The Last Word .
“ ”—what a clever title for this final page, a perfect choice, provided we don’t allow it to drift into “the” last word meaning to convey an air of finality or rigid insistence. For then, I should feel more wary than honored to have the last say here on grounds that doing so would run afoul of keeping an open mind, one of the core values central to the work of teachers. Saying as much takes me back more than half a century to 1957 when I was only 13 and, by virtue of being in the right place at the right time, very lucky to have watched on live TV a show likewise called The Last Word. The moderator was Bergen Evans, a Rhodes scholar, Harvard-educated English professor with a brace of degrees to his name who quickly became a TV celebrity and my hero, besides Mickey Mantle, of course, the New York Yankee every kid my age idolized at the time. The format of The Last Word was nothing short of unique: a vigorous discussion of English words to which I paid close attention because secretly I really loved words as much as baseball, even if most of what was said was Greek to me. There it was, an innocuous little show on CBS-TV suddenly slipped into its schedule, with a cast of four articulate people saying bright, witty things about words. To my everlasting regret, the program ended in 1959, yet its Bergen Baldwin Evans … effect on me has lasted a lifetime. taught me to prize highly Dr. Evans, an academic superman, was unimpeachably the final arbiter of things of the mind and anything having to do with words. So to treat every word with far as I was concerned, he was the last respect, as if it were on word, totally enslaving me with his never pedantic, never aloof, inteltrial for its life. lectual charm. In fact, his skill as a teacher was so far-reaching that it was capable of proving to this young Catholic boy that syntax (a word only later I came to understand the meaning of ) can be almost as fascinating as sin itself. Seen through the haze of time, those 30-minute Sunday afternoon broadcasts had a dimension of magic for me. From them I learned without letup more than a thing or two about English. For when he wasn’t talking about English, Professor Evans was talking about Latin and Greek, as well as philosophy, subjects that I would later come to study and eventually to teach. He assured me that they would never interrupt my future, but would become my future, and that I would not become the fool of books. Bergen Baldwin Evans, whom I revered and wanted so much to be a borrowed likeness of, on whom I am lavishing all this extravagant praise, taught me to prize highly things of the mind and to treat every word with respect, as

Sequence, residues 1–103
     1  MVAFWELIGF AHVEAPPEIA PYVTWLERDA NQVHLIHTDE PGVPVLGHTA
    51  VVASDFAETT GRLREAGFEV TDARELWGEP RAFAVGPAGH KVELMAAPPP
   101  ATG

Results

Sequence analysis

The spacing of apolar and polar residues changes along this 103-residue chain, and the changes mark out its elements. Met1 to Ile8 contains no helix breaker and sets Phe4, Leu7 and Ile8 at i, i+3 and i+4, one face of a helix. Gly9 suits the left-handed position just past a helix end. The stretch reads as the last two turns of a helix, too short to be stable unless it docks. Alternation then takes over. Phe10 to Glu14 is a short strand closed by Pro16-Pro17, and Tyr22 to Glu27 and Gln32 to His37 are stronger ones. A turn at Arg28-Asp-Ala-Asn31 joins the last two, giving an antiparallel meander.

The Last Word aired from 1957 to 1959.
if it were on trial for its life. In his own words, he taught me not only to deal with the demon that numbed my fingers with paralyzing uncertainty when they took hold of a pen, but also led me to the messianic belief that the study of words could change a person’s life. Finally, the most important thing I learned from Bergen Evans was that it is not always necessary or important in life to have the last word, the same lesson preached by an even higher authority, St. Paul, who warned the Corinthians against seeing one another as the final possessors of all truth, as having the last word on anything. My voice at Cathedral is only one of a rich chorus of voices—those of my colleagues. It is in unison that we teach, preach to, and hopefully reach our students. s Dedicated to the memory of Catherine Vitale
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